Throughout Vermont, fine people work diligently every day to assess the needs and strengths of those among the State’s school-aged population. These individuals use a tool called the Child and Adolescent Needs and Strengths, or CANS, to complete the assessments. Through the use of this tool, these hardworking service providers gain insight on how best they can assist each individual child or adolescent.
The CANS summit is a gathering of these individuals from all around the State. Recently, they met to discuss strategies, to learn from each other, and to ultimately better implement the CANS. If you attended this summit, you would have learned that the CANS was first implemented Statewide in Vermont in 2015 through the Integrated Family Services Initiative. Their goal was to find a tool that would help tell them “Is anyone better off” because of their interactions and services.
During the summit, several topics were discussed, including “How Supervisors Can Support their Staff Using the CANS for Treatment Planning” and “Early Childhood CANS”. Nonetheless, one presenter stands out as she was the winner of the all new ‘CANS Champion Award’ for her work developing the CANS School Module. This award goes to one individual who exhibits excellence in the implementation and advancement of the CANS tool.
Amy Irish, MA, BCBA, the School-Based Behavior Consultant Team Leader at Northwestern Counseling & Support Services, noticed that the CANS was lacking in regards to the work she and so many others do in the school systems around Vermont. Irish states that “The core CANS didn’t dig deep enough,” and therefore needed an addendum in order to fit correctly into the school-based programming. She explained how the core CANS was not enough to get an accurate picture of a child’s needs and strengths in the school setting, because that’s not necessarily what it was designed for. She wanted to more accurately measure the progress children make due to the services they receive while in school. “We want to have meaningful data to show what we’re doing” she says, “NCSS has allowed me to stand at the front of the room and push new and innovative ideas that have allowed us to provide high quality care to children and to drive the conversation for community and state partners. The CANS School Module is an example of the kind of outside the box thinking we want to support in order to show that children are better off because of the work we are doing.”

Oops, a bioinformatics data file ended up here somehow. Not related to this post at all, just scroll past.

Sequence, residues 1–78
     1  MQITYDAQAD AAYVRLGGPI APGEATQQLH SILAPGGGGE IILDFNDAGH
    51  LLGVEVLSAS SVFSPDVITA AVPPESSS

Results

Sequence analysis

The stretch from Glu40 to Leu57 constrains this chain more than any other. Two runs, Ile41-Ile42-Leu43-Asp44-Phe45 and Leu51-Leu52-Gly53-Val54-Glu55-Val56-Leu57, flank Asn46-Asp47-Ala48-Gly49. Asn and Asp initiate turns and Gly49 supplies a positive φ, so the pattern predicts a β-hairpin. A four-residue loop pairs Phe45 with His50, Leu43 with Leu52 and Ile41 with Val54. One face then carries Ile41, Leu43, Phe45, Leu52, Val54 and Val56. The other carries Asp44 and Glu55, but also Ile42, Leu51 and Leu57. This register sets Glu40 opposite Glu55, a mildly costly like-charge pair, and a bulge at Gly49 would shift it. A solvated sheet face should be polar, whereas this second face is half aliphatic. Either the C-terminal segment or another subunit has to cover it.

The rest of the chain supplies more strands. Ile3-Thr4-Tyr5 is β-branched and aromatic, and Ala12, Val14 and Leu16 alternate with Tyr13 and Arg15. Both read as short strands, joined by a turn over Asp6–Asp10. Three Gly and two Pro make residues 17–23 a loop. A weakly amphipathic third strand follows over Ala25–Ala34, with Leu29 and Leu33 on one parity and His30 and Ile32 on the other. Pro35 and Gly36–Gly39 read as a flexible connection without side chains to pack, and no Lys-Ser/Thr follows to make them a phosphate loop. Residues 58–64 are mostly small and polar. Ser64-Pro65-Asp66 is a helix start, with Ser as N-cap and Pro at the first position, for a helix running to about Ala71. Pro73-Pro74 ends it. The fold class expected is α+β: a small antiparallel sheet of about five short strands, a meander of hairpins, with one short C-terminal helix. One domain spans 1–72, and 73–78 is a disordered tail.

Irish also spoke about how the CANS needed an adaption to make more sense for Vermont. She went into some detail about how the language does not always fit the State’s rural settings. One example pulled from the CANS was the term “gang involvement”. Although Vermont is home to very few groups which we would consider traditional “gangs”, the assessment requires the measurement of a child’s association with such groups. The CANS depicts a child or adolescent as involved in a “gang” if he or she has engaged in an act of vandalism. Therefore, the School Module uses more appropriate language to properly assess children in the State’s more rural areas.
At the CANS Summit, Irish presented these ideas and developments for which she received a great honor. She has a passion for providing the best services possible and was willing to construct a device to help do that. “The CANS is an important tool that allows families, schools and care providers to walk away from the table with a shared understanding of a child’s strengths and needs in order to best support them” she says. And the School Module took that a step further.